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Saturday, April 23, 2016

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Hunting for Treasures at the Library

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Joliet Public Library, Robin Foster 22 April 2016 © 

One of the greatest divides in genealogy is the distance between us and the resources that a library has which cannot be found online. Are they the first go-to items we gravitate to when documenting our ancestors? No. When we get desperate for records, their treasures are worth the time and travel to access them. I visited a library in the town where I grew up, Joliet. I hope this makes you curious about the library where your ancestor grew up.

History I wish I had in school

There is a local history section full of resources on the second floor that I never bothered to approach out of all the time I spent here growing up. With limited time now, I am anxious to document myself and the previous generation using these unique records. Can anyone else relate?

I made a full sweep of everything first taking photos, and then I went back to determine record content and time period.  In this process, I figure someone else that I am connected to may somehow also have Joliet roots.

What of education? The topic bewilders me especially since my parents paid for me to go to private schools. If we do not teach the history of the area in which we live and how we are connected to it, how can we inspire true leaders, public servants, productive communities? Below are resources right in the Joliet Public Library that document a history that was never even mentioned throughout all the years I spent in school here.

Always check the library website to learn what local history and genealogy resources they have, however, remember that other resources may be available on site that are not mentioned online. If you have items that may be of interest to other patrons, you should make a donation to the Friends of the library to be added to the local resources.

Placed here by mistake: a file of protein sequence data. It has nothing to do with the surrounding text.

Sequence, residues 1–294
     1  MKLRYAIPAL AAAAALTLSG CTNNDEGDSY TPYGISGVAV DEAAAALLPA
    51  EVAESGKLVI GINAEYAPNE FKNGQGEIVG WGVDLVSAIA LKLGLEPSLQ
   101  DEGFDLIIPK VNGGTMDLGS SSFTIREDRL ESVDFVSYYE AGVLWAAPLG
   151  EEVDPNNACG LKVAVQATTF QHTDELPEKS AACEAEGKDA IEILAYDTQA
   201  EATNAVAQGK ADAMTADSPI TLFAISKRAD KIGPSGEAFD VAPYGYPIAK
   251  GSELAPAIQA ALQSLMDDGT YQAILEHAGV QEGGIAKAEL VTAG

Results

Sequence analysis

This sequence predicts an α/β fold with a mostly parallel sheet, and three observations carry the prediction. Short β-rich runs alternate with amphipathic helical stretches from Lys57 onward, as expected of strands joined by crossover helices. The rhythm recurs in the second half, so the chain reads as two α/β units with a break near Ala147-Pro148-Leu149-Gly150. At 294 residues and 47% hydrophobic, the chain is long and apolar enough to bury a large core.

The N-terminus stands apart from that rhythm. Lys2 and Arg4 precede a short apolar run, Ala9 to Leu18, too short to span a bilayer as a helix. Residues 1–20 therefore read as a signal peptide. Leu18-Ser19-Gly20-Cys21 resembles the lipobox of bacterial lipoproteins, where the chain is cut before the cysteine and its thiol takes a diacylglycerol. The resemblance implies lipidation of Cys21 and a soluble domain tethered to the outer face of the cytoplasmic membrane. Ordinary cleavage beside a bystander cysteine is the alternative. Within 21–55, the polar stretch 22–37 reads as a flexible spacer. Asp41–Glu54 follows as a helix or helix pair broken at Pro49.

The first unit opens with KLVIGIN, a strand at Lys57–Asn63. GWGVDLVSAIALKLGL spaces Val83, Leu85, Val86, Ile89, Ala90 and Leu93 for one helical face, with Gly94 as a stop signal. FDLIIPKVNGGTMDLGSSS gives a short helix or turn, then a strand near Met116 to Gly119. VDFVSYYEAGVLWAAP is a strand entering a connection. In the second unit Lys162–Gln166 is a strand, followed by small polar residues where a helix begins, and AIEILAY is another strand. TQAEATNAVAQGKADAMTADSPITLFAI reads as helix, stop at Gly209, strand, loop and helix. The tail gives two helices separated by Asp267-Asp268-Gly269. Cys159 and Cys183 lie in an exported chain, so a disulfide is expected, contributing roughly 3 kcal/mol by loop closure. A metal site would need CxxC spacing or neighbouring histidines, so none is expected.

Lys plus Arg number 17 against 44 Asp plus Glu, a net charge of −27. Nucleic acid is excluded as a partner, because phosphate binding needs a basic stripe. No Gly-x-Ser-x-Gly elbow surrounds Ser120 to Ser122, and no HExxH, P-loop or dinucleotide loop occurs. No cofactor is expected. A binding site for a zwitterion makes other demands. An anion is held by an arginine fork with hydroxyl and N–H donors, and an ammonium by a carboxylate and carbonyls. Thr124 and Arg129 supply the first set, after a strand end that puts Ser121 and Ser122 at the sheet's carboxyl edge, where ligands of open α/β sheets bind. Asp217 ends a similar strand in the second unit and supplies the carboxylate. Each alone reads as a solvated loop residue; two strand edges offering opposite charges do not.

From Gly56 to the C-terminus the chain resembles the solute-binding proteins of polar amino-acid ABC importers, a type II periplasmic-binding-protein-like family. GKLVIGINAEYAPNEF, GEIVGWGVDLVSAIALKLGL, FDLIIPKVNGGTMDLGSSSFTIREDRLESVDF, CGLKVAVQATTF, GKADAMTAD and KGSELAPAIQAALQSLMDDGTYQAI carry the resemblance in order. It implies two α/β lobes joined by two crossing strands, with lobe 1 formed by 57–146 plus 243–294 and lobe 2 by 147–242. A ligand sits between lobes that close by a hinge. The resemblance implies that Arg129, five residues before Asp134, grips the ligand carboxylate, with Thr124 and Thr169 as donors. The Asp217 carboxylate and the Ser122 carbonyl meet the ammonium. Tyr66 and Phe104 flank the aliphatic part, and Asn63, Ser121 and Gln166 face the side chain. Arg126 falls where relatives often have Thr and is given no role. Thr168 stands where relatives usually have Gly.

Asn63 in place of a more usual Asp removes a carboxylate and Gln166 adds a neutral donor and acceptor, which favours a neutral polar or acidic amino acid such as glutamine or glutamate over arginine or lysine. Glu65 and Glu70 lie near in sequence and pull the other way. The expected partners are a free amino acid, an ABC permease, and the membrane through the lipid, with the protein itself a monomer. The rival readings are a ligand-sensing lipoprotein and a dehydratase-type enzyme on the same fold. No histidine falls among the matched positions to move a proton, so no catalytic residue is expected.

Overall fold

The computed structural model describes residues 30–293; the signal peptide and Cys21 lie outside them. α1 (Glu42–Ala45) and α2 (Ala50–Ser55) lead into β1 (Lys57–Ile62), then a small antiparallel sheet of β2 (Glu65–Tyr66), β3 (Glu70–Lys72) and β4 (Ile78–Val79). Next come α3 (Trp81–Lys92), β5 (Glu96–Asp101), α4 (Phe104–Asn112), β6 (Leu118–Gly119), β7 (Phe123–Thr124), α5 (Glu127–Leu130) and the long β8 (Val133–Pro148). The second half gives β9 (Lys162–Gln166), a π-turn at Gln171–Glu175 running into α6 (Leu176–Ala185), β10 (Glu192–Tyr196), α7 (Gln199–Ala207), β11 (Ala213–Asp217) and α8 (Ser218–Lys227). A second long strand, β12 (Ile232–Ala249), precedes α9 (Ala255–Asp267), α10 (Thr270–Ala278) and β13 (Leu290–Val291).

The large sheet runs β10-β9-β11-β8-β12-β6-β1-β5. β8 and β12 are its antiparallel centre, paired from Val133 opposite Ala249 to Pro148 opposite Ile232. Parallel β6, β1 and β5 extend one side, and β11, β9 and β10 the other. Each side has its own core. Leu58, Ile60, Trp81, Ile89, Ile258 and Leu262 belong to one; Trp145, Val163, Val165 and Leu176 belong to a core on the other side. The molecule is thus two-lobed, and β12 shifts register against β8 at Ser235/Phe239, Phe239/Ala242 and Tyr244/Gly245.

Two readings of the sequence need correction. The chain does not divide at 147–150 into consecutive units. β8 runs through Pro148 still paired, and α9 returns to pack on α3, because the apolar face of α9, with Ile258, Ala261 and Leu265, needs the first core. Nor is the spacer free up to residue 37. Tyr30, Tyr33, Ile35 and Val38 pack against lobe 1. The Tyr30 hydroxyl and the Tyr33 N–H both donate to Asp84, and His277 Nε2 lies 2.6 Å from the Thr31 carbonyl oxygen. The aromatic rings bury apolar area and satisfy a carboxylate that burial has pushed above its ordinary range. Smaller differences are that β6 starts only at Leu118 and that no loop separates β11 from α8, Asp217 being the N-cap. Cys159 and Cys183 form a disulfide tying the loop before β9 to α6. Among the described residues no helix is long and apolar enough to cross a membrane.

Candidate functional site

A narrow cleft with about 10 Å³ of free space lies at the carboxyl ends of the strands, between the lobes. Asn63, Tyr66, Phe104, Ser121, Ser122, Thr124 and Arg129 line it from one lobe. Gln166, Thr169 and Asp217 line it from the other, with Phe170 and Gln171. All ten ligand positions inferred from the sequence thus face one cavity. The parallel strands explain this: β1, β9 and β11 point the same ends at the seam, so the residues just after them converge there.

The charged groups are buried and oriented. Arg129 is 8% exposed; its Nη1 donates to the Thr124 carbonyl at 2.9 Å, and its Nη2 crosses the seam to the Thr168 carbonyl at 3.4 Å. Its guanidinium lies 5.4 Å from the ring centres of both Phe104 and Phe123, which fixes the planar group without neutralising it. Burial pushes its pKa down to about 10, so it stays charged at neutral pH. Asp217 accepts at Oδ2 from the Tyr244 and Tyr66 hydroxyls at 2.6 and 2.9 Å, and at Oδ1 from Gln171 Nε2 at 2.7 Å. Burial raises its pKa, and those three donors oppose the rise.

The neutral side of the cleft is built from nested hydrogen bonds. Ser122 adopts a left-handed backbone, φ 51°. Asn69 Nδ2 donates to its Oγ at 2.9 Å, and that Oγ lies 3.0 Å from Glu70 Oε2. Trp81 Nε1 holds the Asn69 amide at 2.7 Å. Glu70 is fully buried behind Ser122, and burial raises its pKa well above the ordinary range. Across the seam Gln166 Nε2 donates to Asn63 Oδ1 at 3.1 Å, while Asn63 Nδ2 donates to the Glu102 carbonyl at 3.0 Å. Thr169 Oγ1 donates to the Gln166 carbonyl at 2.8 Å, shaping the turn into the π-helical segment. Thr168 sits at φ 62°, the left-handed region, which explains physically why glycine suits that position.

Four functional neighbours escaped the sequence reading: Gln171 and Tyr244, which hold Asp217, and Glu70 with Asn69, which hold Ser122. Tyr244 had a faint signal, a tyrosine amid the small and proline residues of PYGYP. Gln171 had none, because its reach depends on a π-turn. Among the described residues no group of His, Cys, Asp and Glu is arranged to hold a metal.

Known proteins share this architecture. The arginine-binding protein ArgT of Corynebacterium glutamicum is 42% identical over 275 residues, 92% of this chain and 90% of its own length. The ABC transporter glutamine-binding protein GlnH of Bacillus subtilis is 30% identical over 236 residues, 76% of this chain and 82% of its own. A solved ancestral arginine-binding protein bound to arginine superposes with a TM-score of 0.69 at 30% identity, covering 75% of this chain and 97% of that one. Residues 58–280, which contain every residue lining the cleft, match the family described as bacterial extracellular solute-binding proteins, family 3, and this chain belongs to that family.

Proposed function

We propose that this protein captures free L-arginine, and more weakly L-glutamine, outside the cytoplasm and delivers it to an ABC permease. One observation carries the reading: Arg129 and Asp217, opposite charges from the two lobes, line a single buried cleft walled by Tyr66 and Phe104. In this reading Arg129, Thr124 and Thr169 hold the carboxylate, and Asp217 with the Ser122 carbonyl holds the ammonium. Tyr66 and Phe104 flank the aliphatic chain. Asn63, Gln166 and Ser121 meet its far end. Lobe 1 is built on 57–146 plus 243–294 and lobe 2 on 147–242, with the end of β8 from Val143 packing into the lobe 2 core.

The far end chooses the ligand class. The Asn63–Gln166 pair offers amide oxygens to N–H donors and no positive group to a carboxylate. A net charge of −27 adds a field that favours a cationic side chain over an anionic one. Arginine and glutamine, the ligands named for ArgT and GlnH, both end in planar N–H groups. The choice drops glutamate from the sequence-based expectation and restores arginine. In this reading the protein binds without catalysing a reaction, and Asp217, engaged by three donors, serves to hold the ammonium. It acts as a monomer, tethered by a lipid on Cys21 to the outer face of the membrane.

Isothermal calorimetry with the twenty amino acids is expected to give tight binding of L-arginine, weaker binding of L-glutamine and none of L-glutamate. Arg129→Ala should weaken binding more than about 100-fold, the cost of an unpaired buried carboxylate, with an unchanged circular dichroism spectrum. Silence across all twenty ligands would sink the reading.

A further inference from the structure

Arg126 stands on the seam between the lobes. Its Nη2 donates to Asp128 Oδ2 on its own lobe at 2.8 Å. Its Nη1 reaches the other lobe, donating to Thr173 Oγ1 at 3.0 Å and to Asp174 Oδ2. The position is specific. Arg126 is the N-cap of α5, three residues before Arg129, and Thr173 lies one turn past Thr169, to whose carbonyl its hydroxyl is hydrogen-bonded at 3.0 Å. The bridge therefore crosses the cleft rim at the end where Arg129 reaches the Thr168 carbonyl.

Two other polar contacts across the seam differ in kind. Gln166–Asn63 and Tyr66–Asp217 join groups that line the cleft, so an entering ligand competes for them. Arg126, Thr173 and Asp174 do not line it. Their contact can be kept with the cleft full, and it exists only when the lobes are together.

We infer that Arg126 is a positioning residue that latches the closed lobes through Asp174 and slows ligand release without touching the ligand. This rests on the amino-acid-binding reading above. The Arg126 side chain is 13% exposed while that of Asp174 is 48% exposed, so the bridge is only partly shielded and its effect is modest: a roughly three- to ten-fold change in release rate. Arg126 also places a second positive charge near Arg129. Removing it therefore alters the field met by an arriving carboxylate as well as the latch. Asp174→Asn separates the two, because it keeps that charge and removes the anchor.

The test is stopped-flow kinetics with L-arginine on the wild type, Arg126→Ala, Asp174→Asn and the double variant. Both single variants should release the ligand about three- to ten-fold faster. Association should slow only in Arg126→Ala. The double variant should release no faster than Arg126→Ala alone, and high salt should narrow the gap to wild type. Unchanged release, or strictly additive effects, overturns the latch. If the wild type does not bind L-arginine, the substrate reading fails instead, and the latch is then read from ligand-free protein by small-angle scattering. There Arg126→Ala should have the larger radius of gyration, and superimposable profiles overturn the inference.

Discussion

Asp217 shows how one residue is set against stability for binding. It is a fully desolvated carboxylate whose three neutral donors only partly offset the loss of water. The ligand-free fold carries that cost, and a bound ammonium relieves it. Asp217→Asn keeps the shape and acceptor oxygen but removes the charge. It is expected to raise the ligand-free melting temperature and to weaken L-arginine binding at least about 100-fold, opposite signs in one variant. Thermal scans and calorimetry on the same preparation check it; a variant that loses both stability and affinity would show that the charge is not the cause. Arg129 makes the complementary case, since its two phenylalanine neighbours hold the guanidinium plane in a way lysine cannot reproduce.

Funeral programs

                                                       Robin Foster, April 2016 ©

The first items that drew my attention were these colorful binders. Can you imagine 19 volumes of funeral programs documenting African American people who died in the Joliet area and the history that each program holds? Funeral programs often give rich biographical details, and they also mention parents and other members of the person's family group. They are a great starting point to discovering historical documentation.

Funeral Service Brochures for African Americans of Joliet and Lockport, Illinois, Robin Foster, 22 April 2016 © 



 Obituary index

Obituary index in binders, Robin Foster, 22 April 2016 © 

The library is working to make an obituary index searchable online. So far, the online index of obituaries indexed in the Joliet Herald News covers 1979-2010. They also have a printed obituary index in binders.  Notice on the shelf they have a Joliet Daily News Obituary Index from 1909 to 1913.  If you use the index books onsite, you can look up the obituary on microfilm after you find it.